Network Working Group                                        B. Sarikaya
Internet-Draft                                                Huawei USA
Intended status: Standards Track                      September 29, 2014
Expires: April 2, 2015

              Overview of Source Address Dependent Routing


   This document presents an overview of source address dependent
   routing from the host perspective.  Multihomed hosts and hosts with
   multiple interfaces are considered.  Different architectures are
   introduced and with their help, why source address selection and next
   hop resolution in view of source address dependent routing is needed
   is explained.

Status of This Memo

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   This Internet-Draft will expire on April 2, 2015.

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   Copyright (c) 2014 IETF Trust and the persons identified as the
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   the Trust Legal Provisions and are provided without warranty as
   described in the Simplified BSD License.

Table of Contents

   1.  Introduction  . . . . . . . . . . . . . . . . . . . . . . . .   2
   2.  Terminology . . . . . . . . . . . . . . . . . . . . . . . . .   3
   3.  SADR Scenarios  . . . . . . . . . . . . . . . . . . . . . . .   4
   4.  Analysis of Source Address Dependent Routing  . . . . . . . .   6
     4.1.  Scenarios Analysis  . . . . . . . . . . . . . . . . . . .   6
     4.2.  Provisioning Domains and SADR . . . . . . . . . . . . . .   7
   5.  Security Considerations . . . . . . . . . . . . . . . . . . .   8
   6.  IANA Considerations . . . . . . . . . . . . . . . . . . . . .   8
   7.  Acknowledgements  . . . . . . . . . . . . . . . . . . . . . .   9
   8.  References  . . . . . . . . . . . . . . . . . . . . . . . . .   9
     8.1.  Normative References  . . . . . . . . . . . . . . . . . .   9
     8.2.  Informative References  . . . . . . . . . . . . . . . . .  10
   Author's Address  . . . . . . . . . . . . . . . . . . . . . . . .  11

1.  Introduction

   BCP 38 recommends ingress traffic routing to prohibit Denial of
   Service (DoS) attacks, i.e. datagrams which have source addresses
   that do not match with the network where the host is attached are
   discarded [RFC2827].  Avoiding packets to be dropped because of
   ingress filtering is difficult especially in multihomed networks
   where the host receives more than one prefix from the connected
   Internet Service Providers (ISP) and may have more than one source
   addresses.  Based on BCP 38, BCP 84 introduced recommendations on the
   routing system for multihomed networks [RFC3704].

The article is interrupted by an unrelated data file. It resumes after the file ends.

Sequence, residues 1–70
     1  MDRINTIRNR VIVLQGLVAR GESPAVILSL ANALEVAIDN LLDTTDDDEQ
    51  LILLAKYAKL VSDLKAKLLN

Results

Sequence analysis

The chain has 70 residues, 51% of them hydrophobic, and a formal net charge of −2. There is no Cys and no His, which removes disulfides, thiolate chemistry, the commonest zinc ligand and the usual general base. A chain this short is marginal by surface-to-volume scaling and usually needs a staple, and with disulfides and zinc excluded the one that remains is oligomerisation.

Recommendations on the routing system for ingress filtering such as
   in BCP 84 inevitably involve source address checks.  This leads us to
   the source address dependent routing.  Source address dependent
   routing is an issue especially when the host is connected to a
   multihomed network and is communicating with another host in another
   multihomed network.  In such a case, the communication can be broken
   in both directions if ISPs apply ingress filtering and the datagrams
   contain wrong source addresses

   Hosts with simultaneously active interfaces receive multiple prefixes
   and have multiple source addresses.  Datagrams originating from such
   hosts carry greats risks to be dropped due to ingress filtering.
   Source address selection algorithm needs to be careful to try to
   avoid ingress filtering on the next-hop router [RFC6724].

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   Many use cases have been reported for source/destination routing in
   [I-D.baker-rtgwg-src-dst-routing-use-cases].  These use cases clearly
   indicate that the multihomed host or Customer Premises Equipment
   (CPE) router needs to be configured with correct source prefixes/
   addresses so that it can route packets upstream correctly to avoid
   ingress filtering applied by an upstream ISP to drop the packets.

   In multihomed networks there is a need to do source address based
   routing if some providers are performing the ingress filtering
   defined in BCP38 [RFC2827].  This requires the routers to consider
   the source addresses as well as the destination addresses in
   determining the next hop to send the packet to.

   Based on the use cases defined in
   [I-D.baker-rtgwg-src-dst-routing-use-cases], the routers may be
   informed about the source addresses to use in routing using
   extensions to the routing protocols like IS-IS defined in
   [ISO.10589.1992] [I-D.baker-ipv6-isis-dst-src-routing] and OSPF
   defined in [RFC5340] [I-D.baker-ipv6-ospf-dst-src-routing].  In this
   document we describe the use cases for source address dependent
   routing from the host perspective.

   There are two cases.  A host may have a single interface with
   multiple addresses (from different prefixes or /64s).  Each address
   or prefix is connected to or coming from different exit routers, and
   this case can be called multi-prefix multihoming (MPMH).  A host may
   have simultaneously connected multiple interfaces where each
   interface is connected to a different exit router and this case can
   be called multi-prefix multiple interface (MPMI).

   It should be noted that Network Address and Port Translation (NAPT)
   [RFC3022] in IPv4 and IPv6-to-IPv6 Network Prefix Translation (NPTv6)
   [RFC6296] in IPv6 implement the functions of source address selection
   and next-hop resolution and as such they address multihoming (and
   hosts with multiple interfaces) requirements arising from source